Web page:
- Toyota and Hino Trucks are developing their first Class 8 hydrogen fuel-cell electric truck for the North American market, the OEMs said on Monday.
- Toyota will offer up the fuel-cell technology it has been developing, and Hino will supply the chassis, according to the OEMs.
- On Tuesday, the competition for the zero-emissions Class 8 market became more crowded, with Daimler Trucks announcing on Twitter that it will soon show its Mercedes-Benz Class 8 truck — the eActros LongHaul, with a range of about 310 miles per charge — to buyers. The truck is scheduled for production in 2021.
For the very 1st time, @Daimler Trucks is previewing our purely battery-powered long-haul truck: the @MercedesBenz #eActros LongHaul. Designed to cover regular routes in an energy-efficient manner, it will feature a range on 1 battery charge of roughly 500km. #TruckerTuesday pic.twitter.com/UH5MLyZso0— Daimler Trucks & Buses (@DaimlerTruckBus) October 6, 2020
There is continued competition in the Class 8 market between hydrogen fuel-cell trucks and battery-electric trucks, a rivalry that can be traced back to April 2019, at the Advanced Clean Transportation Expo in Long Beach, California. That's where Roger Nielsen, the CEO and president of the largest U.S. truck maker, Daimler Trucks, said his firm would focus on battery-electric vehicles for future development.
But the viability of battery-electric trucks for the Class 8 market in this decade is somewhat in question, said Jim Meil, principal, industry analysis, at ACT Research, because of the size and weight of the heavy truck batteries and the time it takes to charge the batteries. For those who are skeptical of the potential problems of battery-electric trucks, fuel cells are a promising alternative, said Meil.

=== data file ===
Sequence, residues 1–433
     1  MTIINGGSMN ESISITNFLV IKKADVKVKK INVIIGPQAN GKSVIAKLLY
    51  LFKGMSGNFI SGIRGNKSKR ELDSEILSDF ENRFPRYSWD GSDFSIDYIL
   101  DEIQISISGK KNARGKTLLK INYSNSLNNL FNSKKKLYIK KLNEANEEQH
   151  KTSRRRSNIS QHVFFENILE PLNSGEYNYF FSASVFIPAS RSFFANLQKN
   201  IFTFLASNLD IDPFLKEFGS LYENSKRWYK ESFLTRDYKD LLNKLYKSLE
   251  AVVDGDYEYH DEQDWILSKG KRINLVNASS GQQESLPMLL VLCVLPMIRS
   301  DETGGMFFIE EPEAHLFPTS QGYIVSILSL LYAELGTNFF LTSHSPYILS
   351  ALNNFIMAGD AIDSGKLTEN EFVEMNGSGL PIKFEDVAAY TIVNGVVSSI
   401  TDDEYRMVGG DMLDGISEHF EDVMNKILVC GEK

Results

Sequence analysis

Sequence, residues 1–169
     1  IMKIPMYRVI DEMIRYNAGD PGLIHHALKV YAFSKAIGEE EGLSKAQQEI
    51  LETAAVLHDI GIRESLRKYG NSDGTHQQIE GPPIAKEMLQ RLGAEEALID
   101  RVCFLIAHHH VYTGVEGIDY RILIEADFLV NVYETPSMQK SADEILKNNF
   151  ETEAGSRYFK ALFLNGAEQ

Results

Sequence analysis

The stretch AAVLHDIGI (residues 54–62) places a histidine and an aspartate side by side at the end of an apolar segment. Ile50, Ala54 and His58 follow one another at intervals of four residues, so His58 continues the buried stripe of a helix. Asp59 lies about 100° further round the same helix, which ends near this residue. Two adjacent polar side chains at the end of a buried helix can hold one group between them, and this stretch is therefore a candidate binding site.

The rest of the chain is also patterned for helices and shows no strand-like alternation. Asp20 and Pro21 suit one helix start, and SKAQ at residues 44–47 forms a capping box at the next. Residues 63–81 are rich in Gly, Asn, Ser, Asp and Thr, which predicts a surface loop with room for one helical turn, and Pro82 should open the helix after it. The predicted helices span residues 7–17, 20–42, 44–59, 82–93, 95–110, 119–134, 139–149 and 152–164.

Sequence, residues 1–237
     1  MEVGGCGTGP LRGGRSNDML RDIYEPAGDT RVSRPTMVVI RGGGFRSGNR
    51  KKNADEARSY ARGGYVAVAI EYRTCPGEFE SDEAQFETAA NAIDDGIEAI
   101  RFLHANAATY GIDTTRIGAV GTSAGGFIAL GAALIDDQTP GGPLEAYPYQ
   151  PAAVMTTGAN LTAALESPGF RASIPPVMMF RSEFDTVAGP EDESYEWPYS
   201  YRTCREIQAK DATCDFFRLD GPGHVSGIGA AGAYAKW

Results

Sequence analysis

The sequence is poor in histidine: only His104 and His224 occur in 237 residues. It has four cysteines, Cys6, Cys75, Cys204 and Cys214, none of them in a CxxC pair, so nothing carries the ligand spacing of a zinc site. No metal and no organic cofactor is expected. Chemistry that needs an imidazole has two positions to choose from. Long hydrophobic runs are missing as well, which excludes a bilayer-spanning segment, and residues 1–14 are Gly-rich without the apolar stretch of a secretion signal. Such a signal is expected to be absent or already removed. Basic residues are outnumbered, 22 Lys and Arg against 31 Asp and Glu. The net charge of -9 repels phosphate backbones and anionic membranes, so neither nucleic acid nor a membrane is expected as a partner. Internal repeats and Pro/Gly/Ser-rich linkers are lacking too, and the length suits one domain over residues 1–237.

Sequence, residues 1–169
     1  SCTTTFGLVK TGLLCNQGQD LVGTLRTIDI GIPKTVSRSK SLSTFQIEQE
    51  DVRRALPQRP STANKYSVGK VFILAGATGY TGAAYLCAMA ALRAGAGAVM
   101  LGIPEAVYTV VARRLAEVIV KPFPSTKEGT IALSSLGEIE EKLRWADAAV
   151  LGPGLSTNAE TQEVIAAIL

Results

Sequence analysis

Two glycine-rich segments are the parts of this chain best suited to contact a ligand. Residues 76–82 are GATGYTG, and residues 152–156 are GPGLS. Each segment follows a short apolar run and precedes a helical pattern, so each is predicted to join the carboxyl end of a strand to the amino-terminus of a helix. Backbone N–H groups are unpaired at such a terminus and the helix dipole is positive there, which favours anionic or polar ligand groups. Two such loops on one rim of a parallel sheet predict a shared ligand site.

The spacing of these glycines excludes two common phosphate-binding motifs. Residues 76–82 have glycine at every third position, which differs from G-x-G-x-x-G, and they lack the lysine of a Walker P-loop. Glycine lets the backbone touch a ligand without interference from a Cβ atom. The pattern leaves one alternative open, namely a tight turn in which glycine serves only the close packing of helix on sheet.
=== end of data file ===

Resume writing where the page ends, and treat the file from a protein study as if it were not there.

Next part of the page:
But hydrogen fuel-cell trucks also present potential problems for fleet managers. There is concern about a hydrogen distribution network needed for trucks making long-range trips. For hydrogen to work, a network of filling stations have to arrive. Which will come first: stations or fleets of hydrogen trucks?
"You are dealing with sort of a chicken and egg scenario," said Meil. "The statements on the R&D from the OEMs indicate they do believe that [fueling stations] will happen."
Meil noted that is one advantage of battery-electric trucks: Utilities are adding charging stations. Still, Toyota, which owns a majority stake in Hino, is betting hydrogen fuel-cell trucks will make up a fair share of the future Class 8 market. Those types of trucks fit into Toyota's goal of 90% emissions reduction by 2050.
To accomplish the goal, Toyota seems willing to make alliances. In March, Toyota said it put an additional 10 heavy-duty trucks powered by hydrogen fuel cell on the roads of California, part of a venture with Paccar's Kenworth Trucks called Project Portal.
This year, Toyota and Hino said they would develop a 25-ton truck with fuel-cell technology for the Japanese market. The Class 8 truck will have extended range, said Glenn Ellis, Hino's senior vice president of customer experience, in the news release.
The market for hydrogen-fueled trucks might also be roomier, with OEM Nikola suffering major woes after its founder and executive chairman, Trevor Milton, stepped down on Sept. 21. Milton's claims about Nikola's primary business, its hydrogen truck models, were said to be misleading, according to Hindenburg Research, which had been short-selling the company. Nikola had attracted partnerships with GM, Iveco and FT Industrial, before Milton stepped away.
Nikola, however, has assured investors the OEM is on track to finish its manufacturing facility in Coolidge, Arizona. Nikola said it would complete phase 1 of construction by the end of 2021, with construction complete by mid-2023.